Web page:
By Emily J Weitz
Joe Jackson made a name for himself in the late 70s and early 80s in the pop/rock scene, and his biggest hit, “Is She Really Going Out with Him” has one of those choruses that just won’t get out of your head. But his work has spanned the genres, and when he comes to Westhampton Beach Performing Arts Center this weekend, it will be in the midst of a tour promoting his newest album The Duke, a tribute to jazz legend Duke Ellington.
The Duke features 15 tracks, all composed by Duke Ellington. Jackson collaborates with a wide spectrum of artists from punk icon Iggy Pop to R&B powerhouse Sharon Jones, from The Roots’ drummer QuestLove to jazz violinist Regina Carter. While most of Jackson’s other albums consisted primarily of original work, he felt it was time to honor one of his greatest influences.
“This is a project that has probably been in the works for many years,” Jackson said in an interview last week. “I’ve long been a fan of Ellington and I really wanted to do what no one else has seemed to do: take the compositions in directions that they haven’t been taken before.”
Jackson believes this is crucial when musicians navigate the tricky waters of covering other musicians.
“I think doing a cover is only interesting if you’re going to bring something different to it,” he said. “Put your own stamp on it. I don’t see the point of singing or performing a song exactly as it was recorded by someone else. That’s why although “The Duke” is a collection of compositions by Ellington and others, it’s still very much a Joe Jackson record.”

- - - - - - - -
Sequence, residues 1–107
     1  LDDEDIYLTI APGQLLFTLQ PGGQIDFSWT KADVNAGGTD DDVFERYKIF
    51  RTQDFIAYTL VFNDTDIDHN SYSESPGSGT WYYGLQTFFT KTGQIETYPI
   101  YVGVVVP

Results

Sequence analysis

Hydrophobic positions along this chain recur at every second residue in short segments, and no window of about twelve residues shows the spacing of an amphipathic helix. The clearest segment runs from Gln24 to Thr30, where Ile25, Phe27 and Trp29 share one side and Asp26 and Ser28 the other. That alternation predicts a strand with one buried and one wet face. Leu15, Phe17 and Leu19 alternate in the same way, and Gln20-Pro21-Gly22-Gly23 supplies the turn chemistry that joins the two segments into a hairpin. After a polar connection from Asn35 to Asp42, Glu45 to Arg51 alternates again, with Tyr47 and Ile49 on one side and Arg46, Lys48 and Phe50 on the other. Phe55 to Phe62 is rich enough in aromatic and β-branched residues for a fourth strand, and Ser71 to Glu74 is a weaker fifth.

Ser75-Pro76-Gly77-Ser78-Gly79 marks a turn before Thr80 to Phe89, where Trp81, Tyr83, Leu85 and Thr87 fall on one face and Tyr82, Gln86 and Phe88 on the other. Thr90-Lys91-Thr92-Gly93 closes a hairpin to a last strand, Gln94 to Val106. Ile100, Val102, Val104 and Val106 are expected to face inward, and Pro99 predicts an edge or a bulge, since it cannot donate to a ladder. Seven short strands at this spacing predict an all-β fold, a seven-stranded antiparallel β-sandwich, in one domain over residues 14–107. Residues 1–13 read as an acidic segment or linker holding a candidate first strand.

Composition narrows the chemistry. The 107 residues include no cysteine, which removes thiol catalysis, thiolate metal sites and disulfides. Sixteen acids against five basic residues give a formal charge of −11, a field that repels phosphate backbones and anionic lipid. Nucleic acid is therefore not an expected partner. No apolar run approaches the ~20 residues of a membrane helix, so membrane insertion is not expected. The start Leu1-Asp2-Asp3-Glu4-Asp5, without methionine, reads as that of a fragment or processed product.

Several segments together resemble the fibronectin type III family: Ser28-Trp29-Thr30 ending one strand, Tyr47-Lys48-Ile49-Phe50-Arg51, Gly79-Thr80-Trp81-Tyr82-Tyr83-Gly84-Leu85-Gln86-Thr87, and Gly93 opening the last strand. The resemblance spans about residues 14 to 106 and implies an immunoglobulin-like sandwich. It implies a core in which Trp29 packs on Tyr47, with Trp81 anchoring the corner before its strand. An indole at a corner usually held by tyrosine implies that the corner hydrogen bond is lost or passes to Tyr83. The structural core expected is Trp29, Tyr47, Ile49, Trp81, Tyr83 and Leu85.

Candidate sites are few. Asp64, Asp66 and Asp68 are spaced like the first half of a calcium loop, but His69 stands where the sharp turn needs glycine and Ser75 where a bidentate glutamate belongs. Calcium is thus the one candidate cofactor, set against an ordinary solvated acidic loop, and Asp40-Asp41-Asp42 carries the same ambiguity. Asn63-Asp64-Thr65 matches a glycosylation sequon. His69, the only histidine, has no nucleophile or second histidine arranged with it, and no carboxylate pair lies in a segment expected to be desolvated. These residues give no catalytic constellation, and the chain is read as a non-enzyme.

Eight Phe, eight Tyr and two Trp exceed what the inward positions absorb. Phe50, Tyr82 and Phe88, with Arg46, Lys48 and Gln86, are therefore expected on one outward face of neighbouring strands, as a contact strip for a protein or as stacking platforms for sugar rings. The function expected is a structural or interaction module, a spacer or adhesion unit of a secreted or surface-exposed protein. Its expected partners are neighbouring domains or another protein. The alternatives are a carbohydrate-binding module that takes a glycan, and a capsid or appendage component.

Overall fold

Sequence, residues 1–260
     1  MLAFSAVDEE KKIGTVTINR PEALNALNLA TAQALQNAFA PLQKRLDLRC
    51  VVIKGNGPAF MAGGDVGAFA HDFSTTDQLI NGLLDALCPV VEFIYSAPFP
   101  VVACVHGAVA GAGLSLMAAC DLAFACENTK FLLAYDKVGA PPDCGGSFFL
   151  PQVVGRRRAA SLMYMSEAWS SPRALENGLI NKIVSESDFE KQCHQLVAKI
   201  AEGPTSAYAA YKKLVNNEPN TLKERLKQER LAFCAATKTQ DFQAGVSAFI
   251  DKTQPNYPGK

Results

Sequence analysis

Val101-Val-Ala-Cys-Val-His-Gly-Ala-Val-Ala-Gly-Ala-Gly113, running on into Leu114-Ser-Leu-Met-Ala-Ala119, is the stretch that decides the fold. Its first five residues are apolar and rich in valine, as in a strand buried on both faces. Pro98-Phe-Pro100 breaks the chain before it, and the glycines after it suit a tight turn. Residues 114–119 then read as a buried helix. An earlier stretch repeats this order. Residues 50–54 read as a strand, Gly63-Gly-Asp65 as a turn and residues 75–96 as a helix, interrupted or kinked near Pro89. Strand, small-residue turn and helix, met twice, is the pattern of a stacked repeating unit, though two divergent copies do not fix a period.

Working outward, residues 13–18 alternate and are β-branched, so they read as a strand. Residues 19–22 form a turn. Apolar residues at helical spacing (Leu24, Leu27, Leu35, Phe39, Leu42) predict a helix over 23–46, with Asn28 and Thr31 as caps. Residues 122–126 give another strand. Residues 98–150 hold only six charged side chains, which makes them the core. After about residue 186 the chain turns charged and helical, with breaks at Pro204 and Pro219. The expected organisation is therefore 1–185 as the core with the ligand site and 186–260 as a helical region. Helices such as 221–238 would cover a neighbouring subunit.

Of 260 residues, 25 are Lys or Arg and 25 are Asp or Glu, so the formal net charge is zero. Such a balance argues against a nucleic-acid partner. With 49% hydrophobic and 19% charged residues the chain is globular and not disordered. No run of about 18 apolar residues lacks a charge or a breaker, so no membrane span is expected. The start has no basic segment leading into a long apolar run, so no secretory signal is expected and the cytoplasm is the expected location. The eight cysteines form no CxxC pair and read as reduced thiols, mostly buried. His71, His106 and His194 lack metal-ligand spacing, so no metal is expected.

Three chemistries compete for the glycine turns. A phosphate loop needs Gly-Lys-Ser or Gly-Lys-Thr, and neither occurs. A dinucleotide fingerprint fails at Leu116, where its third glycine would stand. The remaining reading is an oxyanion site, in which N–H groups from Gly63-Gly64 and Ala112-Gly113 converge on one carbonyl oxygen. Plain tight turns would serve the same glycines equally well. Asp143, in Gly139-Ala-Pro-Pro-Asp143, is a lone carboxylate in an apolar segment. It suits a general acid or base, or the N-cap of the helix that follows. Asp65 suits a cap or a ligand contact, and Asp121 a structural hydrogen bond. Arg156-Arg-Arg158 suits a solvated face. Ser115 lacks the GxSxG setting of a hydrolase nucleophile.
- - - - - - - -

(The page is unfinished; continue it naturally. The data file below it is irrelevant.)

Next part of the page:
You can hear Ellington’s influence in some of Jackson’s work, but he says that even in his more contemporary or poppy sounding pieces, the influence is there. That’s because it’s not just in the sound or the style.
“I think it’s really the spirit in which he worked,” said Jackson. “His sense of musical adventure and his reluctance to put music in different categories. To him there were only two kinds of music: good and bad.”
The other aspect of The Duke’ spirit that is invoked with this new tribute is his playfulness and creativity.
“I think the album is really in the spirit of the Duke himself, who was constantly rearranging and reworking his own compositions.”
One striking choice that Jackson made was to leave the horn section out of the equation entirely. For some purists, Duke Ellington without the horns is hard to imagine. But Jackson was confident that it was the right choice for the sound he wanted.
“That was the first real decision I made when I started to think that this could be an album,” he said in an interview with NPR last week. “I think sometimes you have to give yourself rules or limitations. Because I think you’re trying to create an identity for a project and sometimes you have to do that by what you don’t do as much as you do.”
He wasn’t attempting to recreate Ellington; he was attempting to re-imagine him.
“I just thought right away: as soon as I start using clarinets and saxophones and trumpets and trombones, it’s going to start sounding like Ellington, but not as good.”
Instead, he maximized the talented people he was working with, like Regina Carter on violin.
“All the musicians were fantastic to work with,” he said, “and I never imagined I would have the opportunity to work with so many. Everyone was really into the project and they were all very well prepared and enthusiastic. The most difficult part was really coordinating the very busy schedules of all these very much in demand musicians! And we are very lucky to have Regina Carter who plays on the album, also be part of the touring band.”
Other members of the 6-piece touring band include percussionist Sue Hadjopoulos, vocalist and multi-instrumentalist Allison Cornell, bassist and tuba player Jesse Murphy, guitarist Adam Rogers and drummer Nate Smith.
“The show will be a mix of Ellington songs from ‘The Duke’ and quite a lot of my own catalogue,” says Jackson. “Working with a bigger band gives me a lot more options and I’ll be taking full advantage of that.”